So, how does mindfulness help to manage stress?

To be mindful is to be aware of what is happening right now, in this very moment, without judging it.

Typically, we react automatically to things that happen to us. Our human brain has evolved to make judgements quickly and easily, without much thought.

If the thing we’re reacting to has potential negative consequences for us, our reaction is very likely to be a stress reaction. If someone yells at us, it’s likely that we’ll respond with anger or anxiety or both. It’s important to understand, though, stress isn’t the thing that happens to us. Stress is our reaction to the thing that happens to us.

We can respond to something with a stress reaction, or we can respond to that same thing in another way. The problem is the stress response is so quick and so automatic it feels like it is the only way we can respond. The situation feels entirely out of our control.

Mindfulness teaches us how to get our responses under our control.

When we are mindful, we are clearly seeing what’s happening to us, but we’re observing it objectively, without deciding that it’s good or bad, happy or sad, liked or hated. Because we don’t automatically judge what’s happening, we don’t automatically react to it.

When we can observe mindfully, we gain a little precious time in which we can decide how to react. Now, the stress response isn’t so automatic. We get to choose how to respond. And, we can choose to respond in a way that is less stressed.

Yes, learning to be mindful takes some practice, but when you can respond to a potentially stressful situation in a calm, controlled manner, you will be very happy you put in the time.

Try a meditation right now (or download for later)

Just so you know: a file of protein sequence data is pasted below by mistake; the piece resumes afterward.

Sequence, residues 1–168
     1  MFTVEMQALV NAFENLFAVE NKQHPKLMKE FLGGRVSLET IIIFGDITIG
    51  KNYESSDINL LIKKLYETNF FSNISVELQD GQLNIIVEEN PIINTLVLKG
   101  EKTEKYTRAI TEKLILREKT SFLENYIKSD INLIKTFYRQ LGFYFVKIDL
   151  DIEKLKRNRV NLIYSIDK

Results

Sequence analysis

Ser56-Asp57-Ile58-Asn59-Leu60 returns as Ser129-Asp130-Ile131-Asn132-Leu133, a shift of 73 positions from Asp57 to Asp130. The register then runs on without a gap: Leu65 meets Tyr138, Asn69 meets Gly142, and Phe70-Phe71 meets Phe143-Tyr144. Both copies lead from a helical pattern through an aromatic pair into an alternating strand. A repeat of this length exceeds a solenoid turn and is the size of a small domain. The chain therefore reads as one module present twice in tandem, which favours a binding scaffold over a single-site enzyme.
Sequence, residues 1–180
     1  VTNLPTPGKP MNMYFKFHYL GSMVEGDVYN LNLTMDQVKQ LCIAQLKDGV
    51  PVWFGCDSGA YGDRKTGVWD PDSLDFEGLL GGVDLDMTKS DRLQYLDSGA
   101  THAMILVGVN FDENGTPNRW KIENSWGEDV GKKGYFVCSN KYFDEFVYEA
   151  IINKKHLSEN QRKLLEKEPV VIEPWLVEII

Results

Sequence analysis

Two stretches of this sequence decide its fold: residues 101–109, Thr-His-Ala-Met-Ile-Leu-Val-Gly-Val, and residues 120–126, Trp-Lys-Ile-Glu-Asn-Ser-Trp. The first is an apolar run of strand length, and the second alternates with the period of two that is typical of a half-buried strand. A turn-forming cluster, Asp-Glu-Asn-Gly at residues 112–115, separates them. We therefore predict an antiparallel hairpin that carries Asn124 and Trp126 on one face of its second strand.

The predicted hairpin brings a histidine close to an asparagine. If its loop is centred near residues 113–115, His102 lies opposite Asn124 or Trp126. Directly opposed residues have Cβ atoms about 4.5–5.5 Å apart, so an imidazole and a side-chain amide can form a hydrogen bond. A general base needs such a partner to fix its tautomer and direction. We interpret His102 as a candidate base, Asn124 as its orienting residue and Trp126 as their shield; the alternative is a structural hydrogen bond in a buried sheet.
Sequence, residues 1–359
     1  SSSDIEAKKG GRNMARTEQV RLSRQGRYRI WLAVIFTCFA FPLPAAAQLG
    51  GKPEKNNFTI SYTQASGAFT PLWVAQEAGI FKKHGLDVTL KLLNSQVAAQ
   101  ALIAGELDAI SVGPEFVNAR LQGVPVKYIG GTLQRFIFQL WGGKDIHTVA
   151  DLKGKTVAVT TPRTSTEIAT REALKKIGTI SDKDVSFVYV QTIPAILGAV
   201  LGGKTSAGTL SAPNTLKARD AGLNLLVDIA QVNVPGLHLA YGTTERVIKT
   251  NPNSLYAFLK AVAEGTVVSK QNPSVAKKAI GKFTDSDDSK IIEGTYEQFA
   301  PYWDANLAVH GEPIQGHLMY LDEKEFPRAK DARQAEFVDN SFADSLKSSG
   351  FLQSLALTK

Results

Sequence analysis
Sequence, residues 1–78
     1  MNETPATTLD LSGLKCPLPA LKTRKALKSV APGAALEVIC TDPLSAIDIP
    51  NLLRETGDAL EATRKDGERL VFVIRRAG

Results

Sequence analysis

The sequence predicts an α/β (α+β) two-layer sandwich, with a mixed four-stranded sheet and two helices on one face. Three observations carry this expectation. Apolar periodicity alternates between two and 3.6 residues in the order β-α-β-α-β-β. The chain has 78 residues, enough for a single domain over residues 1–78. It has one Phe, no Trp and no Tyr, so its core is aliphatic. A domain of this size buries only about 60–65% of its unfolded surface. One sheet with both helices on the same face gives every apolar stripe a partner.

This is a 10-minute guided meditation on awareness without judgement.

 

Do you have questions about mindfulness? I’ll do my best to answer them in upcoming posts.


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2 comments

Hardeep Kaur

I found your website while I was searching for stress management, building confidence etc. as at the moment I am really stressed about my job search. Your podcast is amazing and relaxing. I liked the idea of being mindful and taking a pause to make decision. I found this similar to the idea of “gap between stimulus and response” that I read in a book. I think you are doing an amazing job by sharing these ideas and your experiences with people.

Hello Hardeep,
Thank you for the kind words. You’re right, mindfulness helps you to see the gap between stimulus and response and use it to make better decisions about your response.
I wish you all the best with your job search. To reduce anxiety a bit, you might like to try tracking the positive actions you are taking to get a job. Keep a record of every time you send out a resume, every time you attend a networking event, etc. Celebrate the small actions that will eventually help you get that job. And they will. I have every confidence in you.
Take care,
Sandra